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Native Plants: The Big Picture

Aug 4, 2014
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Lupinus paynei (L. excubitus var. hallii)Lisa Novick is ready to talk plants, going native, and California lovin’.

Novick is the Director of Outreach and K-12 Education at the Theodore Payne Foundation in Sun Valley.

Mr. Theodore Payne (b. 1872), in case you have not heard, hailed from Northamptonshire, England. At the age of 21, he sailed to America and his Ellis Island records state that he is in the “Seed Trade” and that he intends to remain in the country as a “Protracted Sojourner” (TheodorePayne.org).

In Los Angeles he worked as a head gardener, a “flower seedsman,” and in 1903, Payne’s “prolonged temporary stay” appeared to become of a more permanent nature when he bought his own nursery. Three years later, he published his first seed catalogue.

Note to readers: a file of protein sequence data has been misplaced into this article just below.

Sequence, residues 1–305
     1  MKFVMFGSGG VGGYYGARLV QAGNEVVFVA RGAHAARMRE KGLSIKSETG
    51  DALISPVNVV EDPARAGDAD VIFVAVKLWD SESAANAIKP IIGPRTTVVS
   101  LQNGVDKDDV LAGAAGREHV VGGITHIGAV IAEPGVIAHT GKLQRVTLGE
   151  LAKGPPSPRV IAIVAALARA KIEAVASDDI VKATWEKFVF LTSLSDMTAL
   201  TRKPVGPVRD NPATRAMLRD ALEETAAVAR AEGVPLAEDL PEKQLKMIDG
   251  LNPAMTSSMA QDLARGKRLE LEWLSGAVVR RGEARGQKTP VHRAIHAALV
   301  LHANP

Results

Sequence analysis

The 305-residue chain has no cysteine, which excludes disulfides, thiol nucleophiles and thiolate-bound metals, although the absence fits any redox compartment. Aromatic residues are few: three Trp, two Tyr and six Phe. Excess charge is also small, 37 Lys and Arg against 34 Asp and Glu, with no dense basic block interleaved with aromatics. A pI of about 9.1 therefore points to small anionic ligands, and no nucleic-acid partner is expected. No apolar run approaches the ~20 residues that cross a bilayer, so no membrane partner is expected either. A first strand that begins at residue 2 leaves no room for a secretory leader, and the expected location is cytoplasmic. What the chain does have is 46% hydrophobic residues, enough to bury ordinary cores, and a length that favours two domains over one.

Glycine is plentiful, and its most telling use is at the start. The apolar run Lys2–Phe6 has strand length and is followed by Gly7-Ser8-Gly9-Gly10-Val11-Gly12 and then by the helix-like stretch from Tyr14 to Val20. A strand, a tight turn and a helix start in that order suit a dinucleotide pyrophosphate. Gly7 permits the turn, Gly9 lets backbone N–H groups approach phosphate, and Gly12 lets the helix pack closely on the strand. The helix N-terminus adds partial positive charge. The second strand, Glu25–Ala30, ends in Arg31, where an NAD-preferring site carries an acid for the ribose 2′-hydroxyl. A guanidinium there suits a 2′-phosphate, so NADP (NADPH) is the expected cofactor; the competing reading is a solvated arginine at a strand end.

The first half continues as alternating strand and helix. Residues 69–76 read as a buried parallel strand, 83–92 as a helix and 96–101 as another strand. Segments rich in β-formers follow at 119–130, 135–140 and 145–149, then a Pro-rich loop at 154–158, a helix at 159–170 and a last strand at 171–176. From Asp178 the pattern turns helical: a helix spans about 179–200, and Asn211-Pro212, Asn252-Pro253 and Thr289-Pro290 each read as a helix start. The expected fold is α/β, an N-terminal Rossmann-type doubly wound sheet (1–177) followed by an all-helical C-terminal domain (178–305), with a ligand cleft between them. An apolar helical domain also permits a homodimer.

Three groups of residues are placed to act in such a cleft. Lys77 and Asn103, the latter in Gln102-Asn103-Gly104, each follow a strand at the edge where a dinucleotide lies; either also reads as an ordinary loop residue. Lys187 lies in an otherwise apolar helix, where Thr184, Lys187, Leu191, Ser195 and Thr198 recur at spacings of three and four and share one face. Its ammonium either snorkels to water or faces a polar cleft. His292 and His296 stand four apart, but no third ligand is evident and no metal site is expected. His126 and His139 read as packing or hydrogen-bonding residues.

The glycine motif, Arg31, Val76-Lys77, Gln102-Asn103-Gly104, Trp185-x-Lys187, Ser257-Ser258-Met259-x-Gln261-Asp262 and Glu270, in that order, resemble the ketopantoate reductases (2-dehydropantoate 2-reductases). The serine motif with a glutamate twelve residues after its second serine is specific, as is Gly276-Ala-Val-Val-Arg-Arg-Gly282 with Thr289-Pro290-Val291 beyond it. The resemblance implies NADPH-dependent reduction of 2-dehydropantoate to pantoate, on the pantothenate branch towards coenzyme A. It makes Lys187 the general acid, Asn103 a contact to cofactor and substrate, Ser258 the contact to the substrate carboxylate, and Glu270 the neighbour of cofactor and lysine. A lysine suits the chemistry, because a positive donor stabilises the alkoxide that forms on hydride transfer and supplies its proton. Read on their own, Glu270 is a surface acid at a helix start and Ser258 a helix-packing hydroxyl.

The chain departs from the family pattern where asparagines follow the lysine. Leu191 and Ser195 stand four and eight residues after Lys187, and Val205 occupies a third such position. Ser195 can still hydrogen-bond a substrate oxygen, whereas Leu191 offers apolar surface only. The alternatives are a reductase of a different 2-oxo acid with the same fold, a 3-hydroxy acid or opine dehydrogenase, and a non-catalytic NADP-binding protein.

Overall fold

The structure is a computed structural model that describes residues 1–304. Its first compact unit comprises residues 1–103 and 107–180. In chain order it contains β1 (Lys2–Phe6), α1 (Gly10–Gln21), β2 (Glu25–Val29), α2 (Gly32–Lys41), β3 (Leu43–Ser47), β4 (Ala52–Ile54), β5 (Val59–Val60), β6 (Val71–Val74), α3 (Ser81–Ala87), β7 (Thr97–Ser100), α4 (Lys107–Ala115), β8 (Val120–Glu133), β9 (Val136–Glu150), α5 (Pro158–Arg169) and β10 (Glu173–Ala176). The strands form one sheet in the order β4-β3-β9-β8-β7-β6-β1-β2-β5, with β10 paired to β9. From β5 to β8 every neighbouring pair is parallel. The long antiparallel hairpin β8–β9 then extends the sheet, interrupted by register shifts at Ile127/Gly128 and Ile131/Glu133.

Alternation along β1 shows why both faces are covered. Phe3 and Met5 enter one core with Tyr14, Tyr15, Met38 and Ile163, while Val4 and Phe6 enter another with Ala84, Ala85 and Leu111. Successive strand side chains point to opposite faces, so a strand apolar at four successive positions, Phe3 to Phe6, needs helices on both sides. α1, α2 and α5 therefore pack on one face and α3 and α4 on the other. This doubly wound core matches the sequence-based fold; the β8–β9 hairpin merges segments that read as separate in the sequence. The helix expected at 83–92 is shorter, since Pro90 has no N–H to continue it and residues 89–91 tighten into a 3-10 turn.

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In 1915, Payne wanted to create a garden solely of plants native to California. After some time, he was granted five acres at the corner of Figueroa Street and Martin Luther King Boulevard. “The California Wild Garden contained 262 species of California native trees, shrubs and wildflowers.”

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On August 9th, Lisa Novick perhaps will be channeling Mr. Payne when she presents her lecture “California Native Plants: The Big Picture.”

Lisa skillfully weaves water conservation and native plants, insect and bird preservation together in a way a novice can appreciate, and a seasoned gardener will find illuminating. She also shows how companion planting with native plants and edibles can dramatically improve the health and productivity of any garden. (Therese Brummel)

Lisa Novick; photo source, Huffington Post

Lisa Novick; photo source, Huffington Post

 

“California Native Plants: The Big Picture” 
Saturday, Aug. 9th, 3-4 p.m.
Throop Hall, Throop Memorial Church, 300 S. Los Robles, Pasadena 91101
$5 suggested donation
Light refreshments

 

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